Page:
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a relative or it's very easy in america with 300000000 guns and circulation to go into grandpa's arsenal. and get your weapon of choice and, and your own life. would they be a good thing? if we just talk about suicide, we were having a conversation about suicide. not about gun control. would we be saying this is a great idea? absolutely, i do believe we should shift the conversation beyond just conversation around the market or reliability, or we should see smart guns or personalized fire arms as a solution to the kinds of accidental shootings, the kinds of a shooting involving suicides. it's about ensuring that we have a viable alternative for families and individuals who would like to have a firearm legally. but also ensure that that firearm does not fall into the hands of curious children. or under age miners, who often are involved in accidental shootings,
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suicides or even interpersonal conflicts. and so part of our conversation must expand to, i believe, a public health, a conversation or not just one that depends on what the military does or what law enforcement personnel may do. the vast majority of gone gun owners in this country are civilians that need to have public health viable solutions that provide both security and safety. at the same time, richard feldman at court wire smart guns not as commercialized as perhaps one would assume at this point in the life of people using hand guns, they're not as commercialized as one would assume they might be. is kind of country intuitive swears the dynamic going to come from. is it the gun lobby, the gun manufacturers, big business sponsors or government? i think it's going to be the market place. nanning encapsulates all of those you mentioned. but you know, i agree with what passed you just said i, you know,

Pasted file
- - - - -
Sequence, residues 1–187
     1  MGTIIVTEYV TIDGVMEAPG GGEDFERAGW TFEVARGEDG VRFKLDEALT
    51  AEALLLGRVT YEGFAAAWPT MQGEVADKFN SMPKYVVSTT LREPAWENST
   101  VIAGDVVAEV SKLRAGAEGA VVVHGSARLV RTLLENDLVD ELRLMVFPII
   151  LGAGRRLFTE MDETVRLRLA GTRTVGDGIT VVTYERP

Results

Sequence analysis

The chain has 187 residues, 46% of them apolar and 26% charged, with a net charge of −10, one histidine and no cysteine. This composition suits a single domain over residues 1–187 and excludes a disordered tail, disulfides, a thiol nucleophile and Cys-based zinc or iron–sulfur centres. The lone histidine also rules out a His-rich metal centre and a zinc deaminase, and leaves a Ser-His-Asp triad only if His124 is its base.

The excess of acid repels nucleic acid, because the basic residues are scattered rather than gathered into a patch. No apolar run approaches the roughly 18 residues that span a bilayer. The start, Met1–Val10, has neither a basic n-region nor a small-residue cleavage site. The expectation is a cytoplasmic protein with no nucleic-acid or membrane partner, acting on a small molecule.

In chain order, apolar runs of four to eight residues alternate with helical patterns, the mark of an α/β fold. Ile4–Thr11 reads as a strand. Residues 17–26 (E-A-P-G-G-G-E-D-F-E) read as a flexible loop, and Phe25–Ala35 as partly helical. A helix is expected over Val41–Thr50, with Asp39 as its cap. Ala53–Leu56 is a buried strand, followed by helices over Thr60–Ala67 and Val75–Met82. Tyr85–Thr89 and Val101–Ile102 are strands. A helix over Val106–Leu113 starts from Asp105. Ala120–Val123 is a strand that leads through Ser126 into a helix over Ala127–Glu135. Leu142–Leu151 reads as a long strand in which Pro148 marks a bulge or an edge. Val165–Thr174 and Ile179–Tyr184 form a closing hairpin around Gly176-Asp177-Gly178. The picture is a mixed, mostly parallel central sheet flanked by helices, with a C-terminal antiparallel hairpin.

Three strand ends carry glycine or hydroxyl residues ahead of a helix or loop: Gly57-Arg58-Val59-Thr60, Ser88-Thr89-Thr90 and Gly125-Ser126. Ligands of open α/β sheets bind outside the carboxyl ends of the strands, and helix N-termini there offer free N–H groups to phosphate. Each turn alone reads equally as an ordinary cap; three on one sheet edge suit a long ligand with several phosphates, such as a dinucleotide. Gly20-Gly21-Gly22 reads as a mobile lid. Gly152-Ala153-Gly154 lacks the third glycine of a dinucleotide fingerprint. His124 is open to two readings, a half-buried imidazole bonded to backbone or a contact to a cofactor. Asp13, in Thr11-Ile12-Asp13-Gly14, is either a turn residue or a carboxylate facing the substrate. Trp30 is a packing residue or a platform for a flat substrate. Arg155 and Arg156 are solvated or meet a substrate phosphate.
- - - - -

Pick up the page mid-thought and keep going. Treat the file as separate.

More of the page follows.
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it's in our, we are the responsibility to do a much better job of keeping guns out of the hands of people who every one of us on this call and every gun on or i know believes or not have guns, but why would we want to use the most technologically advanced, difficult, expensive system. i have enough. we can do it right now. they're called gun safes. ah, i'm the guy that with a president clinton back in 1997. ah, when i represented the firearms industry, announced we were gonna ship all guns with child safety locks. when you have a gun in the home, why don't we start? having people get saves, saves, are very expensive, small saves that can hold a couple of guns. we're talking about that $500.00 a $1000.00 and up. we're talking around a $100.00. if people,
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the grandpa who's got his guns, if he left his guns in a safe, his grandkids are going to be able to access those guns. it's a simple solution that we can do now for a lot less cost. chuckner has been arlington coming back to you as richard feldman kind of nailed or pitch and hold the debate that i it's not a binary decision despite the fact that candidates, joe biden was in favor of smart guns when he was on the campaign trail. america bama was in favor of smart guns. it's not as simple as saying it, smart guns or traditional guns. it's got to be part of a, a portfolio of reducing the death toll and the inappropriate use of hand guns. yes, let me say that i totally agree with mister feldman of the democratic aspirations of ugh, bill clinton and barack obama. both studies conducted by the cdc from health
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perspective on now firearm safety. i want to correct once one thing the number of suicide by firearm is very, very low compared to thee. all the methodology is gonna be suicide. as an instructor, one of the things we cover very detail is the security of guns. the responsibility with them are many stake sir, instituted laws that if guns are not secured properly and they arm is use, the honor of that guy is not the molly audience. so with good training, we can emphasize are the security of firearms responsibility that goes with it. and in my media, illegal use marks. pastor mike mcbride in oakland. i guess that's a fair point sir, isn't it? that suicide is suicide. if somebody wants to take their own life, they will do it,